A very interesting look “behind the scenes” of Turkish tea culture trying to dissect how culture and design play together.
Lütfen cep telefonlarımızı huzura ayarlıyalım.
— İstanbul camiilerin birinde bir namaz sırasında
You wouldn’t believe it … snow in Istanbul 🙂
Customer: (buys a decent set at a breakfast place in Istanbul Sabiha Gökçen Airport)
Tenant: Thri … ahh … (then silently points at the number on the cash register)
Customer: (hands over a $100 bill)
Tenant: (silently leaves to get change, but doesn’t tell them)
Why would anyone with no workable knowledge of English (because she even struggled with the 3 -> 30 transition 😀 ) work behind the counter at a busy food place in the international flights section?
This is crazy … it took us 3,5 h to get from Erenköy to Halkali … the traffic in Istanbul is crazy … and today was especially bad … I attributed this to three factors.
- It was Saturday afternoon.
- It was snowing, so many people took to the streets in their cars.
- And probably the worst was all of Istanbul suffered from a major power outage.
(Update: I was later assured it wouldn’t have been much different anyway. 😉 )
Interestingly there was no visible difference in traffic habits at all except for one instance: at intersections because all the traffic lights were out and there is no traffic police any more people would lock them up by driving onto intersections from all directions at once. Nobody letting anyone else through … crossing 3 lanes just 100m before to take an exit (on a already clogged up freeway) … ambulance pursuit … “parking” broken down cars on the middle lane … no drains, so that Metrobuses would create huge splashes of water onto the head-on traffic (Germans would talk about “Bodenversiegelung” or “impervious surfaces“) … the list of silly to right out dangerous could go on. m(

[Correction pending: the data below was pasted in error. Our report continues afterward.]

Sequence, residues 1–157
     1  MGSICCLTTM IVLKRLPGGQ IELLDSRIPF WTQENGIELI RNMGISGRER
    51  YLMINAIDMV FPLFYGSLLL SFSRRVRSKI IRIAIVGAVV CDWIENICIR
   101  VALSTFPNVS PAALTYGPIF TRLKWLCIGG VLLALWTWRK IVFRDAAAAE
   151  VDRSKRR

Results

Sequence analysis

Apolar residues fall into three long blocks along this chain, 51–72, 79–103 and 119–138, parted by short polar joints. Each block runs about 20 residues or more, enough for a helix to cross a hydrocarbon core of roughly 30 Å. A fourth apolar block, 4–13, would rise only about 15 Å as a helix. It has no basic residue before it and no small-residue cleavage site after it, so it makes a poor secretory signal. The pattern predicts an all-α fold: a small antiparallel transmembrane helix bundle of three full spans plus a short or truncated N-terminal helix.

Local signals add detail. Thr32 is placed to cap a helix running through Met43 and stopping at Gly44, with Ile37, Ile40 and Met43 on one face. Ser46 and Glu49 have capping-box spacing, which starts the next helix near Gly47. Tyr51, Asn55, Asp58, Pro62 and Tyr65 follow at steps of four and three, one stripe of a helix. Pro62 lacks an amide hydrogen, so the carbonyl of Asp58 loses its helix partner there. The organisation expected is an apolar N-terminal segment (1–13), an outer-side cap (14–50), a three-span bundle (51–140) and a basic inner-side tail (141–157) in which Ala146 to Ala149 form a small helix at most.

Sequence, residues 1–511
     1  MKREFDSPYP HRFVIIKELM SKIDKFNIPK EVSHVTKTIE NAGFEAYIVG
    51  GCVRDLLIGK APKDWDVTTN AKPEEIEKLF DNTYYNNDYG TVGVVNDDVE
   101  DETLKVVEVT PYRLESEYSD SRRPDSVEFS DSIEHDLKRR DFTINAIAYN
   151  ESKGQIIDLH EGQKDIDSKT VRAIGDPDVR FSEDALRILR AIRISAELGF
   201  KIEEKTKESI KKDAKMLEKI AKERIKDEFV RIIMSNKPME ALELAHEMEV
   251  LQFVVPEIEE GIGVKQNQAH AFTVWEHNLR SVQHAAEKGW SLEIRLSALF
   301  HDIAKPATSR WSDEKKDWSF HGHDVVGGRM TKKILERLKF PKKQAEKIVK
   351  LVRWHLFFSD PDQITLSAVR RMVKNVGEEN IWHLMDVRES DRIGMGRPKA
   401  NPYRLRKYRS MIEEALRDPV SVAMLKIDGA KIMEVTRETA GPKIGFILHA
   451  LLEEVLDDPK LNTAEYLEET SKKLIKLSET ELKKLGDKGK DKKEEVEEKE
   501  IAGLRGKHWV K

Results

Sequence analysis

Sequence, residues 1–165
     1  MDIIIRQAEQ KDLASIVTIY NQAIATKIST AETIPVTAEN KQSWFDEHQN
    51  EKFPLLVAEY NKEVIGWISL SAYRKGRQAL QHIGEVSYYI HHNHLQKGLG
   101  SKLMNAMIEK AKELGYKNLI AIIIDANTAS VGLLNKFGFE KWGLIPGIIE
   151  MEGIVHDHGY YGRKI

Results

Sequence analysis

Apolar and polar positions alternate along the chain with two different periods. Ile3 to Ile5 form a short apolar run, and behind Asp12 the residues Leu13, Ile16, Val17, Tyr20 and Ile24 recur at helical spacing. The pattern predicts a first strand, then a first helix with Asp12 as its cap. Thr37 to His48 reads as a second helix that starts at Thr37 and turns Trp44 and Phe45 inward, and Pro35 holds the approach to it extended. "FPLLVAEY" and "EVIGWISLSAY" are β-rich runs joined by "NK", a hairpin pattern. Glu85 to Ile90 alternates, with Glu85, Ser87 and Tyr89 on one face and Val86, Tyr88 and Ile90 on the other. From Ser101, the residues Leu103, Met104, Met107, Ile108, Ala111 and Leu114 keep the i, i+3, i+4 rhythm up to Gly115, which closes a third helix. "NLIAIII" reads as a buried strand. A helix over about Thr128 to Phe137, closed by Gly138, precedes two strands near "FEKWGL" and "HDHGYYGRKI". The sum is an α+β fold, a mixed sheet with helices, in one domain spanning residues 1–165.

I take from this that traffic in Istanbul is already so chaotic (or at the verge of collapse) that you see almost no difference in cases where even the last elements of order are removed … it’s all basic instincts … remember we are talking about Turkey here. 😛
Although I was assured that blackouts were rare, there were indications that some other people seemed not so sure about that and took precautions. Although there was no electricity anywhere the mobile networks seemed to work just fine. Also some buildings seem to have emergency generators for getting lifts, stair case lights and automatic door locks to work again. I was honestly surprised … I would not have thought that the Turkish would seriously plan for cases of emergency (at least on a macro level). 😉
I don’t know where they are getting this from, but when you stroll through Turkish super markets you might encounter some “silly” product names and slogans – especially if you are a non-native.
There are “Blume” tissues, “Bruno” and “Süsse” biscuits, “Lover air – mango dream” air freshener, “Dushy” shower gel, etc.
You might be familiar with Christmas trees and Santa Claus “cosplay” around Christmas in Europe or elsewhere … it seems to be increasingly popular in non-Christian cultures too … as I was recently able to witness in Istanbul.
But they seemed to get one thing wrong: they put these things up because of New Year’s Eve. m(
In shopping malls this seemed to be so “excessive” that a 4-year-old child innocently asked his mother:
“Mommy, why are there so many Nassreddin Hocas?”
– orig. along the lines of “Anne, niye her yerde Nasreddin Hoca var?”
It caught quite a laugh at the time … but there is a undeniable truth in his words.
Why do people in a country with a 97% Muslim population copy a (originally) heathen custom that has later been adopted into Christian tradition (thanks to Pope John Paul II) (in case of the Christmas tree) and a fictional character whose purpose has become to give Christmas also a secular face (in case of Santa Claus) and apply it to the wrong holiday?